Being loud will completely scare the birds away from your current hunting position and will ruin your chances of catching one in that same position again anytime soon.

End the trip silently just as you did when entering it and you may just have a second chance at bringing home that kills.

Not Having Enough Patience

I understand that a little impatience might happen when you are camping out in one spot waiting for the right time to make that perfect shot, but you can’t let it get the best of you. Turkey is a very alert animal, so when they feel something is off, whether it be because of you or because of another predator, they’ll be on the defense.

Also, if you’re using any luring mechanisms such as calling, they could get too used to this and eventually not respond anymore. In that case, ease off the calling and wait and see if they move any closer.

If you haven’t been spotted, then don’t worry about having lost your animal. Usually, all it takes is a bit more patience and they’ll move in toward you, giving you an opportunity at the shot you’ve been waiting for. 

Too Out In The Open

Since we know that turkeys have great eyesight, we must also know that because of this they are able to spot things a lot easier than other game animals, so it is very important that we stay heavily concealed when hunting them.

Turkey may not be the smartest animals in the world, but their instinctual behavior allows them to easily pick up on any predator and are always on the lookout when they move. Crafting a blind, finding great cover, and wearing clothes meant for hunting them is crucial to a successful hunt and if you’re too out in the open or have gear that is easily visible, then you might just blow your chance before you even start.

Don’t make the mistake of being too out there and everything should work in your favor. 

Getting Too Close

It is great to get as close as possible when hunting for turkey, but too close can be a problem. Being right on top of the turkey will increase your chances of having your cover blown and will give you little wiggle room for making any mistakes.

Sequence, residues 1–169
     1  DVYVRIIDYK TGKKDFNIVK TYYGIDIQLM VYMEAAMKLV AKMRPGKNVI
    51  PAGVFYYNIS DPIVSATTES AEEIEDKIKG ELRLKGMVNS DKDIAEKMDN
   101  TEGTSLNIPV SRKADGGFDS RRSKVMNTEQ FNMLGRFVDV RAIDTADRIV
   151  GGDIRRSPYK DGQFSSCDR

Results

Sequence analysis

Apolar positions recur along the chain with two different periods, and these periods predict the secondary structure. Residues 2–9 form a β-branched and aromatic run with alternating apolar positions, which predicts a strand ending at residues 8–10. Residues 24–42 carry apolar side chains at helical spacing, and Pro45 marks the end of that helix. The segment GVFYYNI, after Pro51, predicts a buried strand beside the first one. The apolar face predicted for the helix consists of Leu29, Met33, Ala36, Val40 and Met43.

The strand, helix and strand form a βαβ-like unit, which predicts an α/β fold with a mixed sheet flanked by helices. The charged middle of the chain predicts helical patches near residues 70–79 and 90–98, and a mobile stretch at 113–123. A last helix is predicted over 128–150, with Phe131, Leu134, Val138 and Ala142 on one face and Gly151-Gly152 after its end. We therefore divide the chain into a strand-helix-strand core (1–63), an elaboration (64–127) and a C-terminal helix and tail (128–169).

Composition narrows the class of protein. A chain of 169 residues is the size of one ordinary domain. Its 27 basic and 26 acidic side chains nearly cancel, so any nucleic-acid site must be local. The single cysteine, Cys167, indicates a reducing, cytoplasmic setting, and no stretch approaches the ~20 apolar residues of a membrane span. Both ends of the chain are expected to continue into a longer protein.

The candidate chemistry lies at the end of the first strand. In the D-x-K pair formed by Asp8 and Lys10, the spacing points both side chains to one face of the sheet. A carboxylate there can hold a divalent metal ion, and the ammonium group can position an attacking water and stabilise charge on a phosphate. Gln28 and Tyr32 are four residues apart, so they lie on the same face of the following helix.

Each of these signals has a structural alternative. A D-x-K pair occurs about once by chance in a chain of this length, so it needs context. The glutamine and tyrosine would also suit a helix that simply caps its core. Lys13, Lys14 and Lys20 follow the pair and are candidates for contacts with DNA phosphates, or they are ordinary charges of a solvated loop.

Ultimately, how far away you shoot will come down to how comfortable you are with your shot, and if you think you can make one that’s clean, but being too far or too close is never a good idea.

Not Enough Preparation

We all can be great hunters when it comes to taking down certain animals, but when dealing with turkey, you better be extremely prepared. Just because you might know where to shoot doesn’t mean you’re actually ready to go for the kill.

Practicing your shot, going over your hunting strategies, setting up equipment, and learning how to stay properly hidden will all play a huge role in hunting for turkey and should all be taken into consideration and practiced extensively before you head out to the field.

It’s okay to be a confident hunter, but if that confidence means not preparing for hunts anymore because you feel you don’t need it, then having too much confidence can actually hurt you.

Forgetting Essentials

You’d be surprised at how many people forget the most basic gear such as gloves, hats, and extra arrows when hunting. Not having these could make a hunt rough and will have you packing up sooner than you thought.

So, with that being said, have an extra gear in your bag at all times so that when you do forget, you’ll be covered.


Experienced or not, turkey hunting is nothing to take lightly. Hard to shoot, difficult to track, and having the capability of spotting predators from great distances away, any hunter will be faced with a challenge. So, if you’re looking for one, you’ve found it.

Incorporate smart hunting techniques and carry equipment that will help give you the advantage over these birds and you’re in the door. If you make common mistakes, then you could very well be paying for them.

Use your hunting skills to the best of your ability and there is absolutely no reason you can’t tag a nice, big bird.